We might all cheer when the temperature soars, but when you’re heading off to a job interview in a heavy bespoke office suit, the hot sunny days become less than enjoyable. An already nerve-wracking situation, heading off to meet prospective new employers can leave you feeling even more flustered if you’re wearing the wrong clothes - staying cool while looking smart can be tricky, so we’ve come up with a few great tips to help you keep your cool while nailing that interview.
Although you might be dreading donning a full bespoke suit for your interview, the way you look can make or break the whole meeting, so it’s worth grinning and bearing it for a short time. The good news is that made-to-measure tailoring comes in a variety of fabrics, from heavy tweed for the winter months to lighter materials for those warmer days. Linen is always a great option, but be aware that it can crease fairly easily; other summer-friendly fabrics include silk and poplin, and for extra breathability look for a bespoke suit which is half-lined – they retain the structure, but the reduced fabric means you’ll automatically feel cooler.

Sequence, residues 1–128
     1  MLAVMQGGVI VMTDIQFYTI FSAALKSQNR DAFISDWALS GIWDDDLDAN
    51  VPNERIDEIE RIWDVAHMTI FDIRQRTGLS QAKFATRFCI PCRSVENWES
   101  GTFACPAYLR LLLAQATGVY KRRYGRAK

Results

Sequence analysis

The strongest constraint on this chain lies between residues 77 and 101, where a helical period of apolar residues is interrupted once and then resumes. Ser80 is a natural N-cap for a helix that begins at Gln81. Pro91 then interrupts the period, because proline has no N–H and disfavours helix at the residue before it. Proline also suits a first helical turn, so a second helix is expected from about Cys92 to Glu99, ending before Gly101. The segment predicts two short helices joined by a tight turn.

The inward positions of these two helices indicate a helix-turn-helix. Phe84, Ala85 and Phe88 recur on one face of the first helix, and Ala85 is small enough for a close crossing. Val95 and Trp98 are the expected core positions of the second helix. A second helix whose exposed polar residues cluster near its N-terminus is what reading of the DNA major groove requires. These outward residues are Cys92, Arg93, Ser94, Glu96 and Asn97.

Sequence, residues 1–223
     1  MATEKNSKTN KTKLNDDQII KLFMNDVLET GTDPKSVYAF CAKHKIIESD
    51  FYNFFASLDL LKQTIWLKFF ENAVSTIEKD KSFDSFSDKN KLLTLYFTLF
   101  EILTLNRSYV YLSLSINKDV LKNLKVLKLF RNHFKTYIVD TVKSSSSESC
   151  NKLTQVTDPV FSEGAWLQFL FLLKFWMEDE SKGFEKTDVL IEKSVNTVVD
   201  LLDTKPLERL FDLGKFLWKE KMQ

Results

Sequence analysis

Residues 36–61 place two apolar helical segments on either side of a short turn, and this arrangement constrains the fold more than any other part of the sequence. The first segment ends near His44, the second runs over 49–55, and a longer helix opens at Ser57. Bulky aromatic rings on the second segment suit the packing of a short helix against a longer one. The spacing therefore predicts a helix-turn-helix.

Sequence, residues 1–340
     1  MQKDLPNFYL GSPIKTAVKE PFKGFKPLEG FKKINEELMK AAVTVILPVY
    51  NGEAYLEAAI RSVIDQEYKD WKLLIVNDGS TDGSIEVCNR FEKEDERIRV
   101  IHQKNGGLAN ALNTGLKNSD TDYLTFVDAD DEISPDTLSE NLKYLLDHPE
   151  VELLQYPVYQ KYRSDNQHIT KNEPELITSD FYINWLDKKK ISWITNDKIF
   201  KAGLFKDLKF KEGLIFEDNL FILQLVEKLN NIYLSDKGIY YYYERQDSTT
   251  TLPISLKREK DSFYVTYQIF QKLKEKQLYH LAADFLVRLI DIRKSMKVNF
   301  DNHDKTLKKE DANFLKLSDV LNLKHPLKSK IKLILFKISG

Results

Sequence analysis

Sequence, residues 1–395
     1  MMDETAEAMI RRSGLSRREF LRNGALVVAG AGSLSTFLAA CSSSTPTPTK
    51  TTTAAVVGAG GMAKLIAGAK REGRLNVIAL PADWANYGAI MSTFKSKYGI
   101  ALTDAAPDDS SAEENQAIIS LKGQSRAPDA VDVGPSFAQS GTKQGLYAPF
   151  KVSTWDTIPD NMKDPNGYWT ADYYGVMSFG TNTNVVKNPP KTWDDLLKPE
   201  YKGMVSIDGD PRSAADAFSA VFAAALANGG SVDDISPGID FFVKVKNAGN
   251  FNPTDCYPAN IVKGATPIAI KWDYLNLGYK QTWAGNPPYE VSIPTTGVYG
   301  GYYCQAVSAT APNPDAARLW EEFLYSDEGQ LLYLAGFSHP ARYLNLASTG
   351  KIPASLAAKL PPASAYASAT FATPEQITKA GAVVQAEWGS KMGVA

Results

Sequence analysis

Although a tie is obviously an interview essential, it’s a good idea to keep other accessories to a bare minimum when the temperatures outside are soaring. Pocket squares and handkerchiefs can be safely left in the drawer, and choosing shirts that have button cuffs rather than those that require cufflinks can help you feel less restricted. While the tie might not be optional, a good tip is to exchange a wide one for a skinny version; the less fabric you have round your neck, the cooler you’ll feel.
Adjust your Sizing
It can seem like a fairly obvious point, but the tighter your shirt and suit, the hotter you’re going to be. Opt for a shirt which is half a collar size bigger than usual to add a little room to breathe around your neck, and if you can disguise it well enough, leave the top button undone. Fasten your tie a little more loosely, and leave your suit jacket open for as long as possible to ensure adequate ventilation.